Long Covid NICE scope and RCGP management tips
On 30 October, NICE published a scope for its guidelines on Long Covid diagnosis and management. This scope was drawn up in association with and Royal College of General Practitioners (RCGP) and Scottish Intercollegiate Guidelines Network (SIGN)/Health Improvement Scotland.
Given the historical enthusiasm of the RCGP for shoehorning chronic, difficult to treat illnesses like ME/CFS into a (bio)psychosocial model of understanding, I was interested to see if there was any suggestion of a similar dynamic in the Long Covid scope.
I’m aware I’m again bringing ME/CFS into a discussion around Long Covid, and I’m aware of divergent views and heated debates around this; however, I think it very important that we continue to draw parallels between Long Covid and other post-viral disability and so-called ‘medically unexplained symptoms’. I think this is important both in terms of biomedical research and understanding and also vis-à-vis the socio-political dynamics which influence difficult to treat (or unwilling to treat) chronic illness healthcare. As I have pointed out in my series of posts ‘Why is the NHS ill-equipped to care for Long Covid patients?’, there is movement in some quarters to shoehorn Long Covid into a form of MUS that can be treated with biopsychosocially-informed interventions such as GET (graded exercise therapy) and CBT (cognitive behavioural therapy).
Although this was immediately noted and critiqued by patients, patient organisations and enlightened practitioners, and NICE hurriedly released a statement in July declaring that recommendation of GET for ME/CFS should not be assumed to apply to Long Covid, I highly suspect the biopsychosocial movement for Long Covid will persist, albeit in a more underground form. It seems very unlikely that GET (at least in its current form) will survive the NICE guideline review for ME/CFS and so even more unlikely this harmful treatment will be pushed for Long Covid; saying that, I suspect GET principles will live on in a transmogrified form, with the hope that nobody notices. It certainly would not be the first time that biopsychosocial proponents have created treatments to suit their particular aims (adaptive pacing therapy?) or conflated them (activity management?) in an apparent bid to muddy the already methodologically flawed and professionally biased waters.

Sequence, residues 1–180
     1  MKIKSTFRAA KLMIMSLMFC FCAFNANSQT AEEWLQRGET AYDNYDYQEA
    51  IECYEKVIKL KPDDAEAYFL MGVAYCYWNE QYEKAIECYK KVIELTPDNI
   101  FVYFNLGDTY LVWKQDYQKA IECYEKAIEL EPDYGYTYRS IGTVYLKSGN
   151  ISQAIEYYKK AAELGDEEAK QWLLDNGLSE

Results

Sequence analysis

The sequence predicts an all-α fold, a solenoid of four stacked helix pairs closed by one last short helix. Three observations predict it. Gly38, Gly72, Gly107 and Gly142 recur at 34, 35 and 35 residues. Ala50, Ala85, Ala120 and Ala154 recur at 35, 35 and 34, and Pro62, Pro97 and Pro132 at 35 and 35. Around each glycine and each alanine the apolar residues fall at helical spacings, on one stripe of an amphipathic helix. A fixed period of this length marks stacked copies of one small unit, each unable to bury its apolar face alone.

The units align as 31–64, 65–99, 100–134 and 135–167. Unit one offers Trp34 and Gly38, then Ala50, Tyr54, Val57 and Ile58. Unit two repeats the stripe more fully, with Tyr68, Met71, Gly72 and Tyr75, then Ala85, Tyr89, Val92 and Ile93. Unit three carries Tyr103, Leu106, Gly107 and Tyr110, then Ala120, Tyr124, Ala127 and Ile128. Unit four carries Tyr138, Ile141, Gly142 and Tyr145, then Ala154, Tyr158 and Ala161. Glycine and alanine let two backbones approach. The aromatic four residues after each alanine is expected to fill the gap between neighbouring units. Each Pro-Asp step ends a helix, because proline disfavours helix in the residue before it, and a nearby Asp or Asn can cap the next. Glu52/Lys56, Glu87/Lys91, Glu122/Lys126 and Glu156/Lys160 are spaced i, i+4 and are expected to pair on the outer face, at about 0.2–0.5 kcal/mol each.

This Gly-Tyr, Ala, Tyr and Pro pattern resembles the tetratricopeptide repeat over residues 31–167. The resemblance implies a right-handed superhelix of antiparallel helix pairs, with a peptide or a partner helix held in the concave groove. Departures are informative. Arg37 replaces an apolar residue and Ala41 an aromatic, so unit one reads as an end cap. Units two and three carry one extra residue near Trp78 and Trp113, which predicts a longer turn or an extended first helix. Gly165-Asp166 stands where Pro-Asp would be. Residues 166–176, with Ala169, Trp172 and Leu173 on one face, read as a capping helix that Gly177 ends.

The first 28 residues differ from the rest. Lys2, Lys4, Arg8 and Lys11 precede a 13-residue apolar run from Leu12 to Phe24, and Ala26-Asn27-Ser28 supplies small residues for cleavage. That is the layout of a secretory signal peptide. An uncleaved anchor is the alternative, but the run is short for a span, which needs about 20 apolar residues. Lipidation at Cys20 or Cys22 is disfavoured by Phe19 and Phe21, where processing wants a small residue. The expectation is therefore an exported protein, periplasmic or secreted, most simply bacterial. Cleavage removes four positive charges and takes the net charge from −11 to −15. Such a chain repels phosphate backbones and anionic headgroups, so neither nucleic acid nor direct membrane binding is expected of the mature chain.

Anyhow, the NICE scope on Long Covid didn’t give much away. I noted the mention of possible psychiatric issues, but also acknowledgment of cardiovascular, GI, respiratory, renal, musculoskeletal, metabolic, dermatological, otolaryngological, haematological and autonomic system involvement, which is promising for Long Covid patients. I then came across a RCGP document providing management tips to accompany this scope, to be updated as emerging evidence allows. This document suggests a whole raft of possible initial investigations which, consistent with the scope, spans gastroenterology, neurology, cardiology, rheumatology, respiratory medicine and more. Suggested tests, depending on presentation of symptoms, include echos, h pylori testing, neurological MRIs or CTs, tilt tables and lung CTs. Again, this sounds very promising.
The fact that I was (pleasantly) surprised by the RCGP guidance I think speaks volumes. Why shouldn’t patients with multisystem, highly debilitating and distressing illnesses get biomedical investigations where indicated? The answer is, of course, that they absolutely should, only the NHS has refused the same healthcare approach to certain other patient groups with multisystem, highly debilitating and distressing illnesses. In fact, the NHS has effectively left some of these patients to rot, and the RCGP has largely been complicit in this. I know this because I am one of these patients, with a diagnosis of ME/CFS, which essentially gives the NHS free reign to refuse me any kind of biomedical investigation on the grounds that I have a psychosomatic condition. I will write more about my own experiences in other blogposts, but suffice to say that it will be interesting to see what comes out of the NICE review on ME/CFS, and how NICE can square their historical systematic neglect of ME/CFS patients with their (at least thus far) apparently different and more promising approach to Long Covid.